One of the strangest aspects of this centenary year, and indeed of the performance and recording history since Lutosławski’s death almost twenty years ago, is the neglect of some works which during his lifetime were held in high regard. The most notorious injustice relates to Livre pour orchestre, which I will return to in a later post. Another example is Mi-parti, which Lutosławski wrote in 1975-76 and whose premiere he conducted with the Concertgebouw Orchestra in Amsterdam 37 years ago today.
During his lifetime, Lutosławski was the person who conducted Mi-parti most frequently. His domination of its performance history is also true of many of his other orchestral and concertante works, which made for composer-authentic concert experiences but in the long run delayed much of his music’s entry into the repertoire of a broad range of career conductors.
As to professional concert performances over the past ten years, there have been only seven (excluding immediate repeat concerts), including just three in 2013, the third and most recent being by the Berlin Staatskapelle under Daniel Barenboim. There have been five commercial recordings:
• WOSPR (NOSPR)/Lutosławski (EMI, rec. 1976; LP, reissued several times on CD)
• Prague Radio SO/Jacek Kasprzyk (Supraphon, rec. 1980; LP only)
• BBC PO/Yan Pascal Tortelier (Chandos, rec. 1993; CD)
• WOSPR (NOSPR)/Antoni Wit (Naxos, rec. 1997; CD)
• Warsaw National PO/Antoni Wit (CD Accord, rec. 2002; CD).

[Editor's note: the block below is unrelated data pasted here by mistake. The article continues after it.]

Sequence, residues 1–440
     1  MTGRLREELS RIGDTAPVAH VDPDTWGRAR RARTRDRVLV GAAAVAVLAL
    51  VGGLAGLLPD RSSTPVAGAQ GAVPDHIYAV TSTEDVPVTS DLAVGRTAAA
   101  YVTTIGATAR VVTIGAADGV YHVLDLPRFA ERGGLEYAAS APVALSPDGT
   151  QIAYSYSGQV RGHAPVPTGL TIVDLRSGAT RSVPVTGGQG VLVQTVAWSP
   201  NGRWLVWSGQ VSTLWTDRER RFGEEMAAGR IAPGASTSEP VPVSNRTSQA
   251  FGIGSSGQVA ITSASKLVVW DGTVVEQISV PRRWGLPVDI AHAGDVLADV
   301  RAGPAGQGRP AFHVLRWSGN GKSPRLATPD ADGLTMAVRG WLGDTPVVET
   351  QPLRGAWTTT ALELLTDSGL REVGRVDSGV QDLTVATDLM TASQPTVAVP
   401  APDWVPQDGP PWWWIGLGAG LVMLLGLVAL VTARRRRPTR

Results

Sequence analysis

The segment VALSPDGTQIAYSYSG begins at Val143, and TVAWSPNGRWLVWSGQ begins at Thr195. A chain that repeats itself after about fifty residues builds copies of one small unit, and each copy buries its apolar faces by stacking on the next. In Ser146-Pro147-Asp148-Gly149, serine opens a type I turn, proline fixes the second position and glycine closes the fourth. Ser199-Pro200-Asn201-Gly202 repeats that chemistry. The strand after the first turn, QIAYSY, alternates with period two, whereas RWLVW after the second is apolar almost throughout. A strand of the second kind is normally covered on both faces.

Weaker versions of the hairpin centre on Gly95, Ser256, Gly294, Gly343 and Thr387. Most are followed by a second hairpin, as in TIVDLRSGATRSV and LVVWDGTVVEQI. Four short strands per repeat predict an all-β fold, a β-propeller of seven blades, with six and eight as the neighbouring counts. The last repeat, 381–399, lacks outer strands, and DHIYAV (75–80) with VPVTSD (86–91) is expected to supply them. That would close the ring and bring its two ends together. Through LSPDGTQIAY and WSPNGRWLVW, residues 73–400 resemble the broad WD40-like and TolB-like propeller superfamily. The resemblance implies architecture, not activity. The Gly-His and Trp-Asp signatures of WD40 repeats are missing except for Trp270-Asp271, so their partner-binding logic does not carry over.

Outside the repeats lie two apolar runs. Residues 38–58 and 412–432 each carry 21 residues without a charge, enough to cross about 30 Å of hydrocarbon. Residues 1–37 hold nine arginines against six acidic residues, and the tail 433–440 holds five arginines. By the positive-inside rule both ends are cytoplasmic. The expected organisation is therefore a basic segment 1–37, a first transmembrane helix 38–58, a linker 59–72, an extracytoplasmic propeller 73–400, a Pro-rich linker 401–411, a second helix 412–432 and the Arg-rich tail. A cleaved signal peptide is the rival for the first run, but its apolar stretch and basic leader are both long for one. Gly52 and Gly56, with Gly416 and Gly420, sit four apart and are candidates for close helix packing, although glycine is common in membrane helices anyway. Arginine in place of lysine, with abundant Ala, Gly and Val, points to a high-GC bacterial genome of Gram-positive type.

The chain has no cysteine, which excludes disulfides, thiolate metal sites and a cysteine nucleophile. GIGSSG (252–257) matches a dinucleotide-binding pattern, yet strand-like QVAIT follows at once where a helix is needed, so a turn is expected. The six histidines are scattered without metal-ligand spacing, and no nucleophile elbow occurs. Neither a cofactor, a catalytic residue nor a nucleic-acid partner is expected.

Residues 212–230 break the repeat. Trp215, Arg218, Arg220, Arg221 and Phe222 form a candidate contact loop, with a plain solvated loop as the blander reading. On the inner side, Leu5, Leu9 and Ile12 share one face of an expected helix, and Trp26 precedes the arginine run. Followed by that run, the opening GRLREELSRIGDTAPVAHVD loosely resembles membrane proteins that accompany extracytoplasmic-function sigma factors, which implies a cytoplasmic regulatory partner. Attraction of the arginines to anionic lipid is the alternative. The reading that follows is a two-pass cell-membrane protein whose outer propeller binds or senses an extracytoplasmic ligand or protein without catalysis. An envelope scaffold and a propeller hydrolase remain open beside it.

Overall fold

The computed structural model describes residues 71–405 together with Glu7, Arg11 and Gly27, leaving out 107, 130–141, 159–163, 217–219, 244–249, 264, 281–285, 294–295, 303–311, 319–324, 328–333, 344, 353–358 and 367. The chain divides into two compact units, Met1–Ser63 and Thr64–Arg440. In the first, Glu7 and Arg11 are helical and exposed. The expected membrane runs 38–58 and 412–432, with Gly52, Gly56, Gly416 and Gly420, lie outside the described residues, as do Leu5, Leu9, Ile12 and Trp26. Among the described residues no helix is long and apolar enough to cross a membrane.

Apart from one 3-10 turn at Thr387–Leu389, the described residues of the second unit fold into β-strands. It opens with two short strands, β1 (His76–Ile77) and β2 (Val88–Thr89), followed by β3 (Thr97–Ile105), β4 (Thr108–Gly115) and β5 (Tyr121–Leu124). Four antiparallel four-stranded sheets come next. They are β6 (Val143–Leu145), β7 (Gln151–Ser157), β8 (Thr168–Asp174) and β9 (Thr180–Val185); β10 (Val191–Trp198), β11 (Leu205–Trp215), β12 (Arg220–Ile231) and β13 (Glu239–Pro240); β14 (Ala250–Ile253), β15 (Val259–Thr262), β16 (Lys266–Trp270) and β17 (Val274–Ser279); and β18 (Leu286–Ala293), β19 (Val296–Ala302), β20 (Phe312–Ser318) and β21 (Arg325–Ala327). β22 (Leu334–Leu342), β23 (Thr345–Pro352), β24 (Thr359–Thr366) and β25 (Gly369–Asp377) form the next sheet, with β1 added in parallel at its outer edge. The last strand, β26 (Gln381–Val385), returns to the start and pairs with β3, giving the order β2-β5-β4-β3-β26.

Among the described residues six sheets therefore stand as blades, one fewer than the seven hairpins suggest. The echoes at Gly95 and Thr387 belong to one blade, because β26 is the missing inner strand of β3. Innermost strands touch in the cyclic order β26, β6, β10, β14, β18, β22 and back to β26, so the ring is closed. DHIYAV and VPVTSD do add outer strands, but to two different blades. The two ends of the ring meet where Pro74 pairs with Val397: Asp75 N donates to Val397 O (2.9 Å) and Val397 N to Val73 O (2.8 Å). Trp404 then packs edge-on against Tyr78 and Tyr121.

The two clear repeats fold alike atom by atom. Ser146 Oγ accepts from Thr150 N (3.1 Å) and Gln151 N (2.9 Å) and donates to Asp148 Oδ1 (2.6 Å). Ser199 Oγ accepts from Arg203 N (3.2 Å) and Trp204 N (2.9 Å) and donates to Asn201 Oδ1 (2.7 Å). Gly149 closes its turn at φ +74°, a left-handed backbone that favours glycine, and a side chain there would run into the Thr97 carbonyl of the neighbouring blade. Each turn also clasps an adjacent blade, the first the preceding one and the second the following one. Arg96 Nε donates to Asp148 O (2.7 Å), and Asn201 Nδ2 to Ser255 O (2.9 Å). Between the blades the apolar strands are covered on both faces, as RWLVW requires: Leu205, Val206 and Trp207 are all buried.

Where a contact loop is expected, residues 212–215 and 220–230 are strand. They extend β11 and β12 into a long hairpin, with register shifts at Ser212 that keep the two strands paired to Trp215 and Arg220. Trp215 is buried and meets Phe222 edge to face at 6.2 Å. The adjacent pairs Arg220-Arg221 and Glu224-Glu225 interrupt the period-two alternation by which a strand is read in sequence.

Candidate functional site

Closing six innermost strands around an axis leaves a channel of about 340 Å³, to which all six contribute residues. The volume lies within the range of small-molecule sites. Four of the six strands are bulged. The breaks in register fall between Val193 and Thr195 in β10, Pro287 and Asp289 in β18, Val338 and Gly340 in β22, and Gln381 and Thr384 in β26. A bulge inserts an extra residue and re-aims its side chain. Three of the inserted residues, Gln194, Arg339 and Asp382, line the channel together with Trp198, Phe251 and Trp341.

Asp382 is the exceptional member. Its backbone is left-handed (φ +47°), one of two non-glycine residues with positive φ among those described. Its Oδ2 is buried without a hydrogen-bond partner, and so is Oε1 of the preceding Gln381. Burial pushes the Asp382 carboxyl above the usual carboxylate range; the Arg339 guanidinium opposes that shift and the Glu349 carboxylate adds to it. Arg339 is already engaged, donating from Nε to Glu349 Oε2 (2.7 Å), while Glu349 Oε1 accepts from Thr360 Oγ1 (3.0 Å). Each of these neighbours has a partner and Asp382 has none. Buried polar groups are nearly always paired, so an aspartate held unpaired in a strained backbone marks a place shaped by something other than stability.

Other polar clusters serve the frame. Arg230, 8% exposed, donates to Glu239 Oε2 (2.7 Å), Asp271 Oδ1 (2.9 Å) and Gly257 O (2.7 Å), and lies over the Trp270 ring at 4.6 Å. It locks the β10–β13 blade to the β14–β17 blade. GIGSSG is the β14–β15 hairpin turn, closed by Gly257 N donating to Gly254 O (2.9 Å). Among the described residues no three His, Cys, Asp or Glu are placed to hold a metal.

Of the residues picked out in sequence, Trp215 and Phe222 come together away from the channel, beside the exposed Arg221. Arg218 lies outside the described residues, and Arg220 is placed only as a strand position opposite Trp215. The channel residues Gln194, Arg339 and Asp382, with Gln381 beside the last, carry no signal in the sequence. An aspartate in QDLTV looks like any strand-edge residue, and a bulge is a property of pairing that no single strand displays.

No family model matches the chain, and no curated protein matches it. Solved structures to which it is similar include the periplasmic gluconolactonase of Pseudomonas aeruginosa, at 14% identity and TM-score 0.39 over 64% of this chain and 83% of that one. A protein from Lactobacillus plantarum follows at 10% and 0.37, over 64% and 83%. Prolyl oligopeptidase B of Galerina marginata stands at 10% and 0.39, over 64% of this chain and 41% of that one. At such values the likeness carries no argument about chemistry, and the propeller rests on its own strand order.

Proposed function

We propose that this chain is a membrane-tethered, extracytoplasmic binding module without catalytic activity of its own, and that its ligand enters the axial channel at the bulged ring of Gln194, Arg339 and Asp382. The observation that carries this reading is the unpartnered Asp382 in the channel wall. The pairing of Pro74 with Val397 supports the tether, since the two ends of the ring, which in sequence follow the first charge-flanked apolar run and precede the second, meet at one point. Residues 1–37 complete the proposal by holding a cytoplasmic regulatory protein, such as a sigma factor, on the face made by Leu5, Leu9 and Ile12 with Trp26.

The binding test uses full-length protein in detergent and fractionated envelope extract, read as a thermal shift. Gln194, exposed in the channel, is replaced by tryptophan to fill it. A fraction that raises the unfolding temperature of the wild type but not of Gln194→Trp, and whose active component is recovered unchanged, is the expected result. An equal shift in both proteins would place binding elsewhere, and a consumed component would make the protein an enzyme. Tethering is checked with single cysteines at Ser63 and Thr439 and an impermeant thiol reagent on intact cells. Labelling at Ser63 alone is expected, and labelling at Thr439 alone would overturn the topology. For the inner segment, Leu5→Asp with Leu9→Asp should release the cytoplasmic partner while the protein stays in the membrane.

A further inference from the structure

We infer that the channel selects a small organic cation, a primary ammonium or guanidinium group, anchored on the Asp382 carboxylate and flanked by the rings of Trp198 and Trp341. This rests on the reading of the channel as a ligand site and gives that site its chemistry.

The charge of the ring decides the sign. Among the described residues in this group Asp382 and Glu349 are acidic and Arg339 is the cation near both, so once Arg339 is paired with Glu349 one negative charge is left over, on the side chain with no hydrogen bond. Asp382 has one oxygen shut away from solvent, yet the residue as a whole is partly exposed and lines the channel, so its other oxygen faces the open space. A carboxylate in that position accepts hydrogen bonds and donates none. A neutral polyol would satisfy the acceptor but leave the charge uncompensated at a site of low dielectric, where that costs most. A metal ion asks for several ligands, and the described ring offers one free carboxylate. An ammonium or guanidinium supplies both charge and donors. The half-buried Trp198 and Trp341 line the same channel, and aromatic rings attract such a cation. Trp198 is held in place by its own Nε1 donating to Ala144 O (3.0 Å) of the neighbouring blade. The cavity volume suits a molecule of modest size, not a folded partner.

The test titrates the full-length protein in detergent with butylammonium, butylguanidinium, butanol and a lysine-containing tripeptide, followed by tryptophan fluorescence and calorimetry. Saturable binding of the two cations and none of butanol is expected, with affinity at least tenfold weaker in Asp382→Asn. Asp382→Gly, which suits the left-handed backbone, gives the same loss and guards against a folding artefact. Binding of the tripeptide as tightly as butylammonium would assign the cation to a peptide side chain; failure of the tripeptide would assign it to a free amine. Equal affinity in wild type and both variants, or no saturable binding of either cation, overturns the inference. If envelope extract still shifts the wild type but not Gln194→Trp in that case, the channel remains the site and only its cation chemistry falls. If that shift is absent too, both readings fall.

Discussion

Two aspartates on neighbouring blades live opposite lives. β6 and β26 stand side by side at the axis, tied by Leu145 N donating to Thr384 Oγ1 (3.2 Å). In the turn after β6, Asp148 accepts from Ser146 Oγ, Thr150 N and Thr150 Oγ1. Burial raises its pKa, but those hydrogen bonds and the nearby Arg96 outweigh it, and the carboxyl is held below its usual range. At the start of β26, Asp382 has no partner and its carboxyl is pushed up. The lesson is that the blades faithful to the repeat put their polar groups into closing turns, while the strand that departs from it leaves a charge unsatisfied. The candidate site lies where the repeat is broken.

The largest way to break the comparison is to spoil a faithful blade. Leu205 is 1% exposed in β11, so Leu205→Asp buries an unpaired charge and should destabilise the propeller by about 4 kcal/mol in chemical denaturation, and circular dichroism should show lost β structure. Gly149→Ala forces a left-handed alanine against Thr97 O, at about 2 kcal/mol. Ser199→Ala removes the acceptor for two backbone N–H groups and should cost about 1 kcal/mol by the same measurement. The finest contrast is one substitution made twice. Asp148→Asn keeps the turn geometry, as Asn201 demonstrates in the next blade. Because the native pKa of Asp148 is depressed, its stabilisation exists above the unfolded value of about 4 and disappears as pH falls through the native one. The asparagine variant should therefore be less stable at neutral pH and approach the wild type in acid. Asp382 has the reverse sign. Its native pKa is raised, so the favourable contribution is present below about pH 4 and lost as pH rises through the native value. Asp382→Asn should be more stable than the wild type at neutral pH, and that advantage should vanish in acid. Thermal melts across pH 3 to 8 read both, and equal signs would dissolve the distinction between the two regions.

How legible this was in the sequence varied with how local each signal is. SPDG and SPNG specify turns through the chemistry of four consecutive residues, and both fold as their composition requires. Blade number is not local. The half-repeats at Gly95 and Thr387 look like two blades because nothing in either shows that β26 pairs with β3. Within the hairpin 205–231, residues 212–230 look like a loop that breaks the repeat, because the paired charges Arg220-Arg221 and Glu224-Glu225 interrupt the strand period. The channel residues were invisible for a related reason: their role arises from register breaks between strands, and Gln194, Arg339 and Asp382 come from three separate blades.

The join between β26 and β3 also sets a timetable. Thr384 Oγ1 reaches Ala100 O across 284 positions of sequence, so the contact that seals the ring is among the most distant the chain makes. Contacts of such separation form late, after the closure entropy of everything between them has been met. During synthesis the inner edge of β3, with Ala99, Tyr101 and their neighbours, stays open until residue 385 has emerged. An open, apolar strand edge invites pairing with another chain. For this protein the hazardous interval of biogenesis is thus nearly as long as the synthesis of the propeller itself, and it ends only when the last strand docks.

Chandos, with its magnificent 5-CD set of Lutosławski’s music, has inexplicably left out both works. At least the Opera Omnia CD series by the Wrocław PO under Jacek Kaspszyk and Benjamin Shwartz will release both pieces in the near future. On YouTube, Mi-parti has the thinnest of presences, with Lutosławski’s own recording accompanied by photographic artwork by the uploader: http://www.youtube.com/watch?v=laFCR96RPO4.
I would be very interested to hear what readers have to say about Mi-parti. For me, it has a magical first section (although Lutosławski sometimes expressed doubts about it) whose essential idea he seems to have had in mind when composing the first section of the Fourth Symphony sixteen years later. The second section is one of his most pulsating, the climax interrupted by trumpets (echoes of the Cello Concerto). The coda is especially haunting. Perhaps the trouble is that it isn’t a ‘symphony’ so, like Livre, it is being left on the sidelines in the age of convenience programming.
When I was researching in Lutosławski’s house in 2002, I came across many fascinating items: marked-up books, his conducting scores, a folder of folk-tune materials and a particular folder headed “ŚCIĄGACZKI” (Crib Sheets). Inside were separate pieces of MS paper connected with his work on Livre, Les espaces du sommeil, Mi-parti and the Fourth Symphony. Here are the two relating to Mi-parti. They come from the second, fast section (apologies for the slightly fuzzy images).
The first is a ‘short-score’ reduction for the first eight bars of fig. 28. The two lines represent the trumpets and trombones, whose individual purchase on the melodic line is fully worked out in the score (07’59”-08’09” on the accompanying YouTube video).
The second is more sketchy. Indeed, it consists only of a (sometimes biforcated) rhythmic line. It tracks the score from fig. 29 (i.e., two bars after the first ‘crib sheet’ stops short) as far as the third bar of fig. 35. Although at times the link between sketch and score may seem tenuous, the sketch is consistent with the final product even if Lutosławski does use notational shorthand at times and darts from one instrumental group to another. Effectively, this ‘crib sheet’ presents the main rhythmic template, an aide-mémoire as he worked the idea up into this extrovert, hocketing passage that leads shortly afterwards to the work’s climax (08’12”-09’09” on the accompanying YouTube video).